A GOP congressman from Kentucky wonders: Is ‘this Trump thing’ sustainable?

A GOP congressman from Kentucky wonders: Is ‘this Trump thing’ sustainable?

Rep. James Comer (R-Ky.) leaves the McLean County Courthouse in Calhoun, Ky., on May 12, 2017, after a town hall. (Michael Noble Jr./For The Washington Post)–Comer calms an argument between town hall attendees in Kentucky’s 1st Congressional District. As he prepared to host meetings during a congressional recess, Comer was eager to gauge his constituents’ views on President Trump. (Michael Noble Jr./For The Washington Post)
Comer pauses after a town hall meeting in his district, which is in the southern part of Kentucky. The district is 90 percent white, nearly 1 in 5 people live in poverty, more than 1 in 6 are disabled, and 72 percent voted for Trump. (Michael Noble, Jr./For The Washington Post)–The sheriff and other officers look on as Comer speaks at a town hall meeting May 12 at the Metcalfe County Judicial Center in Edmonton, Ky. It was one of four constituency meetings he held in three days. (Michael Noble, Jr./For The Washington Post)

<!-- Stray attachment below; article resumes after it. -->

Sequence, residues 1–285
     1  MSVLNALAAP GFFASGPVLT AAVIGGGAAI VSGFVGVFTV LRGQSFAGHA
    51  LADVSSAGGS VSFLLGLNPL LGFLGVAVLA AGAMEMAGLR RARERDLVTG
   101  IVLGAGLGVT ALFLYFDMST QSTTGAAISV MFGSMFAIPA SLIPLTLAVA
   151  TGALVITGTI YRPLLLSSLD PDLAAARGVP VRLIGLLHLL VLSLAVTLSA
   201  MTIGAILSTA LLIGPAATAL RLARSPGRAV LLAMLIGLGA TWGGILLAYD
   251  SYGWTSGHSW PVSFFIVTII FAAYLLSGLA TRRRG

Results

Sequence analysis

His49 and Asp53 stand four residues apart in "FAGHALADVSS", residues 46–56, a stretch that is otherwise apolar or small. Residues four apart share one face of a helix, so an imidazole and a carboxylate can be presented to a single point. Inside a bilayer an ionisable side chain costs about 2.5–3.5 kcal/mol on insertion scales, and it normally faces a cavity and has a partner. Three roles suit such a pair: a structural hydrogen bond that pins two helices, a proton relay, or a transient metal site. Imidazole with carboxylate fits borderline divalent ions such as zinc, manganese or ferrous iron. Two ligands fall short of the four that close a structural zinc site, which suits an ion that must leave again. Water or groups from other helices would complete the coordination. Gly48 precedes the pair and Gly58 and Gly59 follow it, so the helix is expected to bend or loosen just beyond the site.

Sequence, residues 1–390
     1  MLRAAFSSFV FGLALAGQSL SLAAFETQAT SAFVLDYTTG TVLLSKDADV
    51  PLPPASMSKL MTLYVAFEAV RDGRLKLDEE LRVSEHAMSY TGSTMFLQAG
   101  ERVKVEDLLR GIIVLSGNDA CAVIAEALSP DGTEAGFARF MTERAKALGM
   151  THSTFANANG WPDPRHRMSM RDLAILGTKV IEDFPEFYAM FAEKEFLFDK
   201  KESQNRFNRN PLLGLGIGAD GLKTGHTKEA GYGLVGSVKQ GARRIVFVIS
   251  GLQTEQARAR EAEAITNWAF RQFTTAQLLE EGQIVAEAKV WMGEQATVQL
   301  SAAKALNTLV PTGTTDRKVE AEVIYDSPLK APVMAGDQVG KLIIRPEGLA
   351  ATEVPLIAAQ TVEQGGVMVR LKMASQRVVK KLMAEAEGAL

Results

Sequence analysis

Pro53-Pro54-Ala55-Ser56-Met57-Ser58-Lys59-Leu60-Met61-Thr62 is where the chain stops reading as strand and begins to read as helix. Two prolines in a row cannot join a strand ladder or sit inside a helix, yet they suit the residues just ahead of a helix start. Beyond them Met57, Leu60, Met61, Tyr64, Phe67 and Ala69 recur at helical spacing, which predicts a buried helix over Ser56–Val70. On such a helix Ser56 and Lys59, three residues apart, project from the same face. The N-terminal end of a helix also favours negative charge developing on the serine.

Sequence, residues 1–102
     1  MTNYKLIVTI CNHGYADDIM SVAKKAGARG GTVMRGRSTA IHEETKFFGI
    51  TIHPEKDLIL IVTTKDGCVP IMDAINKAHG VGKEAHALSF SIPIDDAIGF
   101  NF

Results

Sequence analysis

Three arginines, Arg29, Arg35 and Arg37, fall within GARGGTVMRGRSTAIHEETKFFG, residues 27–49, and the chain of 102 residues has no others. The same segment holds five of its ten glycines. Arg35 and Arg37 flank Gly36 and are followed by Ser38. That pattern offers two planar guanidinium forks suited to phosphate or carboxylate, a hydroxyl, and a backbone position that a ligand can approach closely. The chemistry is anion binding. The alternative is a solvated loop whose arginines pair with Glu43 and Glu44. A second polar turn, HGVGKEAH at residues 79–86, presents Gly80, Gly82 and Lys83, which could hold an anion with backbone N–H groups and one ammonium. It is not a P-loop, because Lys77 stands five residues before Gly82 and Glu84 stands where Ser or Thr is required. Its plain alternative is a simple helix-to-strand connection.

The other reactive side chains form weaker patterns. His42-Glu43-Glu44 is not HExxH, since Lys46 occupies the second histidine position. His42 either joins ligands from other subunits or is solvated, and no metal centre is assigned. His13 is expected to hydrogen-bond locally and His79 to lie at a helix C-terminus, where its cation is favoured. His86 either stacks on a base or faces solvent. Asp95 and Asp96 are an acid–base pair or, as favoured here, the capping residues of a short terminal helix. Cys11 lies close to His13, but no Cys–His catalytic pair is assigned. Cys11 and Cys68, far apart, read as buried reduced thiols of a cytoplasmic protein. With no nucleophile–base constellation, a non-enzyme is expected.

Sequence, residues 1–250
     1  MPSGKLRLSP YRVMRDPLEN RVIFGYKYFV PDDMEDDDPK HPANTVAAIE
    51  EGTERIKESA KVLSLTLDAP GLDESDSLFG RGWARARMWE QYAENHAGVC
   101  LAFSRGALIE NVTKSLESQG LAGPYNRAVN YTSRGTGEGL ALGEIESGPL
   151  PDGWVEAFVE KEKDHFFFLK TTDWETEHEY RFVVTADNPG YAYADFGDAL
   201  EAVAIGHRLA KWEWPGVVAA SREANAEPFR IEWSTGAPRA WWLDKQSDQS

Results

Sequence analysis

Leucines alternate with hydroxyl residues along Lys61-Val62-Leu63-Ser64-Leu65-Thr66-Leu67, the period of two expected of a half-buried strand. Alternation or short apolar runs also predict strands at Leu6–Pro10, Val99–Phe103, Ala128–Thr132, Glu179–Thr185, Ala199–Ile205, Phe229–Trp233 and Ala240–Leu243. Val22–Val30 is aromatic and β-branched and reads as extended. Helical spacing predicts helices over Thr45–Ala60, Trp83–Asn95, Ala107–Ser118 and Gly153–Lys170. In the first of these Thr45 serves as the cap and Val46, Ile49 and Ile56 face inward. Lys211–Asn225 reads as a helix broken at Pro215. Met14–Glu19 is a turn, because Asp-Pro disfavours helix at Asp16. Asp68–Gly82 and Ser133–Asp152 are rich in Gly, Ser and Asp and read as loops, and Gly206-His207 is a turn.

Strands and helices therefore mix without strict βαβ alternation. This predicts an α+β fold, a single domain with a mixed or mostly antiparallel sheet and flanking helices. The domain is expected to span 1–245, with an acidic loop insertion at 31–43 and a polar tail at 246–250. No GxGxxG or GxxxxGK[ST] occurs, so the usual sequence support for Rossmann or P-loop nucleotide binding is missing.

The congressman was home in Kentucky now, traveling through his district for the first time in a month and worried that, for Republicans, the “wheels were falling off.” Washington had been feeling like a city on fire. Every day brought a new crisis. Russia. The FBI. The vote to replace the Affordable Care Act, which he had cast just before leaving. “So much doom and gloom,” Rep. James Comer (R-Ky.) said. “It can play games with your mind.”

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